But besides Murphy (and Wilson Ramos, who’s hitting .372 early on), Bryce Harper doesn’t have much help in the Washington lineup. No wonder teams are walking him six times in a game. Why pitch to virtually the only Nationals batter that can hit the ball out of the park? Ryan Zimmerman hit two home runs Tuesday night against the Tigers, but is that indicative of a breakout and some production behind Harper in the lineup? Or was that just one good night for a player who had one homer going into Tuesday’s game?
Help isn’t necessarily on the way from the minors, either. Trea Turner is expected to take over at shortstop, whether later this season or next year. But though the hope is that he’ll hit for a high average with some extra-base power (that could result in some home runs), Turner isn’t a slugger. Infielder Wilmer Difo also has some extra-base pop, though likely won’t hit for as much average. But he’s essentially blocked by Murphy. Outfielder Victor Robles is highly regarded, but is currently playing in low Single-A and has a few years to grow into his potential power.
However, those players would only complement Harper in the Nationals’ lineup and likely wouldn’t serve as run producers in the middle of the batting order. Which brings this to the biggest question resulting from Strasburg’s signing a contract extension: What will the Nats do with Bryce Harper? He has two more seasons of arbitration eligibility left and Washington will likely attempt to buy those years out in an attempt to sign Harper to a long-term extension. But with the monumental payday and likely history-making contract awaiting him in free agency, Harper and agent Scott Boras likely won’t turn away from that opportunity.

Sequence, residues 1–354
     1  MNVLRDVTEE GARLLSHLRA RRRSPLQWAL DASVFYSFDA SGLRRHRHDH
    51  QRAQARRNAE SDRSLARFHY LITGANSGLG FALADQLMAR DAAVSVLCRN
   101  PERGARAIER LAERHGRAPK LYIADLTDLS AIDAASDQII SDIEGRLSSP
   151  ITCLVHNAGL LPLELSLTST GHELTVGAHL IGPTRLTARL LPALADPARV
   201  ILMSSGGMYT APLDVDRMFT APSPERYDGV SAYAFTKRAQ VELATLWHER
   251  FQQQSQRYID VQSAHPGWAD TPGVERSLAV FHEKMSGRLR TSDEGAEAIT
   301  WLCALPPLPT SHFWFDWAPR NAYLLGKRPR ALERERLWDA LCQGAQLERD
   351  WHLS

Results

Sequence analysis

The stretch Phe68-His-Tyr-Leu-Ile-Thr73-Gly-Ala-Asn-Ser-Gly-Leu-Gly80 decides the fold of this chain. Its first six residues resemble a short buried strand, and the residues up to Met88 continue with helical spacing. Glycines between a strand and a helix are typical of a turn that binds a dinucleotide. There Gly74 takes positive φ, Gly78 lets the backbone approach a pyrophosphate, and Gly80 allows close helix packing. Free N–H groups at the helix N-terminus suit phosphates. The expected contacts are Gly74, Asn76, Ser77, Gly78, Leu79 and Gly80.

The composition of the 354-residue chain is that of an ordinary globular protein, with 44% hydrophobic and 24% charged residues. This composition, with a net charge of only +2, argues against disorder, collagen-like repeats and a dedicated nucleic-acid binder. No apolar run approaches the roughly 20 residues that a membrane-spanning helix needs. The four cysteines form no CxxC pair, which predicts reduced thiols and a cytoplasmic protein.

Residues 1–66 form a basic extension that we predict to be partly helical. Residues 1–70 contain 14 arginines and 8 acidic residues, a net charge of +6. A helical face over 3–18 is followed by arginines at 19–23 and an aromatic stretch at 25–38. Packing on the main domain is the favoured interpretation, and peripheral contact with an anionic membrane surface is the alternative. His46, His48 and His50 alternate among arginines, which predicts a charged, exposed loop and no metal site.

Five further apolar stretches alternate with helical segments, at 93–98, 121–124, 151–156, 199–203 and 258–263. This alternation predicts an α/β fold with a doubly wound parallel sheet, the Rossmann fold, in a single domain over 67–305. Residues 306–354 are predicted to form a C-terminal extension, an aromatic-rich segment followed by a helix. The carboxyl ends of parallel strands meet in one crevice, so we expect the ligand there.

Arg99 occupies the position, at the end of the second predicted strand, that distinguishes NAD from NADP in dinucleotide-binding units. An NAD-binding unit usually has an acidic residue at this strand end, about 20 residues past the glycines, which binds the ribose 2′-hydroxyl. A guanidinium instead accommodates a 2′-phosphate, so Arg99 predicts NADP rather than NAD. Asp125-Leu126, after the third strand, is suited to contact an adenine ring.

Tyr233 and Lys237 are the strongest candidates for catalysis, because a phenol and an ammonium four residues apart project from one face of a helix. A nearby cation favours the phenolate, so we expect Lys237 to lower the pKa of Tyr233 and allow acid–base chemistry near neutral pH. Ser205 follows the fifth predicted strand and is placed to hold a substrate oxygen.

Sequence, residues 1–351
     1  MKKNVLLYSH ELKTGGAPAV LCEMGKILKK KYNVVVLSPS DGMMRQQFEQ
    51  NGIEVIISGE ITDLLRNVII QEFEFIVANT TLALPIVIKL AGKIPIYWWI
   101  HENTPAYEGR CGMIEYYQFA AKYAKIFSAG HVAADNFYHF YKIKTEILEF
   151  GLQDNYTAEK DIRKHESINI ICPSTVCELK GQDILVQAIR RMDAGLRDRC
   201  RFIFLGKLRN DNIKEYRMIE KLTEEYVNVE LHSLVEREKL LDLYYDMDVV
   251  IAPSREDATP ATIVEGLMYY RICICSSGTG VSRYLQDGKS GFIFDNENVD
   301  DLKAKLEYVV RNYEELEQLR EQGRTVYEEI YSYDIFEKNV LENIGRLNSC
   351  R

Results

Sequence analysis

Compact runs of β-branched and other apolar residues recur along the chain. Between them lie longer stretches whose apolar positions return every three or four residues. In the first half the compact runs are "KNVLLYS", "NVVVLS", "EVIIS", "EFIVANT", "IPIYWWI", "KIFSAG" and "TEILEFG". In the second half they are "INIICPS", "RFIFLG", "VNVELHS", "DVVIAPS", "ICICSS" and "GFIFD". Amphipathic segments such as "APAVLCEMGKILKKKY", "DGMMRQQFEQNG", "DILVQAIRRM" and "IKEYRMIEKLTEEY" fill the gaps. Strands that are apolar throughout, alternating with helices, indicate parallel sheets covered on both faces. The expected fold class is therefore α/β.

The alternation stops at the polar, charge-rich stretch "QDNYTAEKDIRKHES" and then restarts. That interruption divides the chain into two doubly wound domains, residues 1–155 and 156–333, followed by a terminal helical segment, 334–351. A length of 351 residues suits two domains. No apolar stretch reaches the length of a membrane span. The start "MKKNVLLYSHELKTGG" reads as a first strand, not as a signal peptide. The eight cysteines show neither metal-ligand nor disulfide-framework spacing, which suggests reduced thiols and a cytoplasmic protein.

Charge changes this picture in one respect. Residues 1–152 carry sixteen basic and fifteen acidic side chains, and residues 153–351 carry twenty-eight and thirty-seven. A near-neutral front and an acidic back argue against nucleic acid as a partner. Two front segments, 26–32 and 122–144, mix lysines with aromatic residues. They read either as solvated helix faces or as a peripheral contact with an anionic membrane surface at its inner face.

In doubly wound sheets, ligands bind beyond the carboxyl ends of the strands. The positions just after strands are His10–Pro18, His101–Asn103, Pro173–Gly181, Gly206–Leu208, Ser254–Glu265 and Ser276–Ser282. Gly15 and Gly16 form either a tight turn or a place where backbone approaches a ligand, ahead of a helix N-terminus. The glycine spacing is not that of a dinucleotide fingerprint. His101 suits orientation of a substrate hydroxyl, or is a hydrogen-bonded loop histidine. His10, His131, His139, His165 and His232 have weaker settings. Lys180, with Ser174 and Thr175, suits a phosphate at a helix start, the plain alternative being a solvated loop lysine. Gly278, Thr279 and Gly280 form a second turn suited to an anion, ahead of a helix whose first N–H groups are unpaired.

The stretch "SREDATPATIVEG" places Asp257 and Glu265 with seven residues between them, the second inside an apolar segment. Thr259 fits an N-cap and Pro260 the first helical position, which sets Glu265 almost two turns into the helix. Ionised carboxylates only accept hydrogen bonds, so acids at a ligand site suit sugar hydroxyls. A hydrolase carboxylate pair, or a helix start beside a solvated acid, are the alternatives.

Of course, there were similar sentiments with Strasburg up until this week. Boras typically encourages his clients to hit the open market. Why deny the millions more sure to be available in free agency? That is, unless the player’s current team offers a contract equal to market value (and the player prefers to stay with his original club). Could the Nationals prevent another homegrown star from a multi-million dollar auction with a contract extension so lucrative that Harper and Boras could possibly pass on free agency? Can owner Ted Lerner essentially hit back-to-back home runs here?
Yet the situations are obviously different. While Strasburg was going to be the top pitcher available in free agency, he likely wasn’t going to yield a contract worthy of the best player at his position. When Harper becomes a free agent after the 2018 season, he will only be 26 years old and arguably baseball’s top player. Jason Heyward nearly got $200 million this past offseason, based largely on being 26 years old and relatively productive. Harper is a far more impactful player, who will not only be the face of a franchise for the next 10-plus years, but also perhaps the most recognizable star in MLB.
The number currently being thrown around with a potential contract for Harper is $400 million, which is the natural next step up from the $325 million Giancarlo Stanton signed in 2014. Are the Nationals willing such a contract to their payroll? Including Strasburg’s extension, the team now has four $100 million-plus deals on their current and future player budgets. Harper will obviously be in a different category. And if Washington does meet Harper’s terms with a historic package, will the front office be able to field much of a team around Harper, Strasburg and Scherzer, each of whom will make more than $30 million per season?
The deferred money in Strasburg and Scherzer’s contracts will help, and maybe those moves were made with clearing money for Harper in mind. But will Harper agree to such deferrals if there’s a chance another team will provide more money up front? That’s probably a question the Nationals can worry about later, as they prepare for Harper entering free agency or assemble an enormous proposal that at least makes him consider signing a contract extension. Lerner has already shown Boras that he won’t short-change his stars in an appeal for a hometown discount. (And he previously demonstrated with Jayson Werth’s overblown seven-year, $126 million deal that the Nationals will pay top dollar for free agents.)
It still doesn’t quite seem imaginable that the Nats will be able to persuade Harper not to hit the open market and acknowledge the inevitable destiny that many joke about by becoming the center fielder for the New York Yankees. Strasburg’s contract extension probably doesn’t change that. But it certainly seems to show the team’s way of doing business can change. If there’s one player worth ditching a business plan for, it would be Bryce Harper.